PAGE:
Bloodborne Review

The newest title in the Souls series but with guns and set in a new, dark world

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4

Bloodborne

Bloodborne

Lifewire / Kelsey Simon

What We Like
  • Detailed graphics

  • Fun meele combat

  • Solid worldbuilding

  • Difficult

What We Don't Like
  • Creepy and depressing story

  • Difficult

Bloodborne comes from the same developers as the Demon Souls and Dark Souls, providing very similar gameplay but in a new world, and with changes to the combat system. It offers the same difficult gameplay and harsh enemies that have brought the Souls games so much love―but with a slightly different flair. 

4

Bloodborne

Bloodborne

Lifewire / Kelsey Simon

Bloodborne is a third-person role-playing game set in a dark world where beasts roam the streets. You’ll play as a hunter and set out to slaughter these beasts while unraveling the mysteries of Yharnam. The game is focused on offering players a difficult combat experience, with tough enemies and an advanced fighting system. I played Bloodborne on the PlayStation 4 for roughly ten hours and enjoyed hacking through enemies while we explored its open world and detailed graphics.

Story: A Hunt Full of Darkness

The introduction into Bloodborne is very minimal. You’ll see a man hovering over you, he says a few words about getting a contract for the outsider and then you’ll be thrown into a character creation screen. While there are a lot of options within the character creation menu, the characters tend to have this weird gaunt look to them no matter what you do. Really, you just need to pay attention to the class choices, as this will impact your character's stats such as vitality and endurance. After this, you’ll find yourself on a table beside a pool of blood. The blood will lurch and a beast will be birthed from it―but before it can hurt you, small skeleton-like creatures will reach forth and destroy it.

The beginning sequence is short, and it’s refreshing to not have an hour-long tutorial with cut scene after cutscene. You’ll stand from the medical table and jump right in. Bloodborne does the tutorial introduction right. Instead of putting large prompts over the screen, it leaves little messenger creatures on the ground around the walkway and if you choose to pause and read their messages, they’ll inform you of the game’s basic controls. I quite liked this process, as for most players familiar with Souls games, they won’t need someone to tell them the basics. Also like classic Souls games, the first enemy you meet you can try to beat with your bare hands, but there’s no advantage to beating the enemy without a weapon like in the other games. So roll past, fight it or die, either way it doesn’t really matter.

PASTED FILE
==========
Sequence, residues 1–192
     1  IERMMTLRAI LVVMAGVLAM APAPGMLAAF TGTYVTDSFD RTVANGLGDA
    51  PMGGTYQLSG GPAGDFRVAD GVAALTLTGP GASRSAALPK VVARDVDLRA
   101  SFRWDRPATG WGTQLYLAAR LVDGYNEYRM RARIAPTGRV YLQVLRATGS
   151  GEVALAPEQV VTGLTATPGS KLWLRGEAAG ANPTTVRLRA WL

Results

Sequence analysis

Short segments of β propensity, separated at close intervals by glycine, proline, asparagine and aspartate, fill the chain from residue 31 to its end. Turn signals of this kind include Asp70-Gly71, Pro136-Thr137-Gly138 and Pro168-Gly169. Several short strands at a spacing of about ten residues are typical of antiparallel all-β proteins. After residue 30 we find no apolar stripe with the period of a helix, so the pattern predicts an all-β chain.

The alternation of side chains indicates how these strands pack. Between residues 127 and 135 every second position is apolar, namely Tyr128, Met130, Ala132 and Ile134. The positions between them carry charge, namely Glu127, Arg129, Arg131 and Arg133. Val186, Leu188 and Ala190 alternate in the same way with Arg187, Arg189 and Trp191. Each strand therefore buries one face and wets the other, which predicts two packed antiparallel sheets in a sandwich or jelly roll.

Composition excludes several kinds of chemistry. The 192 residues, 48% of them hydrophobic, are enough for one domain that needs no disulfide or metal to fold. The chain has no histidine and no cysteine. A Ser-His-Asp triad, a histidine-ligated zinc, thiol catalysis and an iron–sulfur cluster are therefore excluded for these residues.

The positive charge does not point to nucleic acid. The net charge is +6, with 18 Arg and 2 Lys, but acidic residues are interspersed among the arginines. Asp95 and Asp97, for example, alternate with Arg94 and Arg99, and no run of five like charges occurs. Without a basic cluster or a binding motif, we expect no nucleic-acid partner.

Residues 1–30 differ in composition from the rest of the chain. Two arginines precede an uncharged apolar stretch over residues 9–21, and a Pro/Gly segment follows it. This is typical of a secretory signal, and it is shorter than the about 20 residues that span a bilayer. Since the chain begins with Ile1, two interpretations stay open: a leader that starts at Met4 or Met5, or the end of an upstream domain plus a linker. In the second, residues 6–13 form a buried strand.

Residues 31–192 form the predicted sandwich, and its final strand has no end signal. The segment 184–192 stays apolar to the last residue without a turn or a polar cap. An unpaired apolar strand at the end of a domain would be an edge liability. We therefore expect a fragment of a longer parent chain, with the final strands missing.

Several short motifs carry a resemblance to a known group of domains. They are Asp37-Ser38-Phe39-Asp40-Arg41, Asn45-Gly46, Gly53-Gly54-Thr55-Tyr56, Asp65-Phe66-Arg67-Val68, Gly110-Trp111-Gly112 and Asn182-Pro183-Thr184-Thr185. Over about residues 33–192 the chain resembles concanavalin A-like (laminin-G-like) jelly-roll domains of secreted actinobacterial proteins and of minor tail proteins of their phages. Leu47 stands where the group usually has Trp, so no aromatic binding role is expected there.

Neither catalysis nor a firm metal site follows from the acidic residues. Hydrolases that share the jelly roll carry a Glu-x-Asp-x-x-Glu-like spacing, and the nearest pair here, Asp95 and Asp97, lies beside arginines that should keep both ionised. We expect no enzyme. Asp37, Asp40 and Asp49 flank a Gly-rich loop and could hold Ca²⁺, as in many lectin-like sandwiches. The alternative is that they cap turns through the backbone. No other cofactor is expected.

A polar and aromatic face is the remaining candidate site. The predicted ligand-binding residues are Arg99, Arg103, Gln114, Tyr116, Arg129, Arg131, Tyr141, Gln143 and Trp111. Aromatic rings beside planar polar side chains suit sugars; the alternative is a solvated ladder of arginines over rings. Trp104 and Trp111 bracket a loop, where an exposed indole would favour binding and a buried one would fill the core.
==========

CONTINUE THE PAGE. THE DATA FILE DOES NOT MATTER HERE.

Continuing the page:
The beginning sequence is short, and it’s refreshing to not have an hour-long tutorial with cut scene after cutscene.

From here on out, what you’ll learn about Bloodborne and its world is through encounters you’ll make in the game. Non-player characters can be found by following the pinkish colored lanterns hanging near doorways. If you step close to the doors, the citizens of Yharnam will tell you their stories―and begin to fill in the holes about what exactly being a hunter means. The story of Bloodborne is subtle in this way―and super creepy. You’ll get hints that humans are turning into these beasts that you slay, that healing blood is connected to a church, and that you are seeking Paleblood. 

While the world building is rich in its own dark and twisted way, I would hardly say that one needs to pay attention to the story to enjoy the game. You don’t need to hunt out the NPCs but the game is a bit more interesting if you do.

Bloodborne
Lifewire / Kelsey Simon

Gameplay: Difficult enemies and exploration

Bloodborne will be similar to the other Souls games when it comes to gameplay. It is a third-person role-playing game focused on melee combat and open world exploration. After your initial venture out into Yharnam, you’ll find unlit lanterns scattered across the map―these act as the bonfires in the Souls games. The lanterns will allow you to save your location and transition to the Hunter’s Dream. This small safe zone is where you will use your blood echoes―the souls you gather from your slayed enemies―to increase your defense and stats and purchase items. It’s also the area where you go when you die, and where you can find the living doll who levels you up.

The game’s combat is a mix of melee and ranged―although you’re likely to use melee weapons the most. The blades come worn and gritty and can change modes from closer range to longer range. For those unfamiliar with Souls games, at first, the melee combat can initially feel like you can just hack and slash―but if you try to fight this way, you’ll quickly find yourself struggling to survive. Part of being successful at Bloodborne is learning to time-critical strikes, perries and counter attacks, which will deal increased damage. It will also be important to utilize the game’s special items at the right moments and versus the right enemies, like using a torch against the basic enemy in the game’s second area.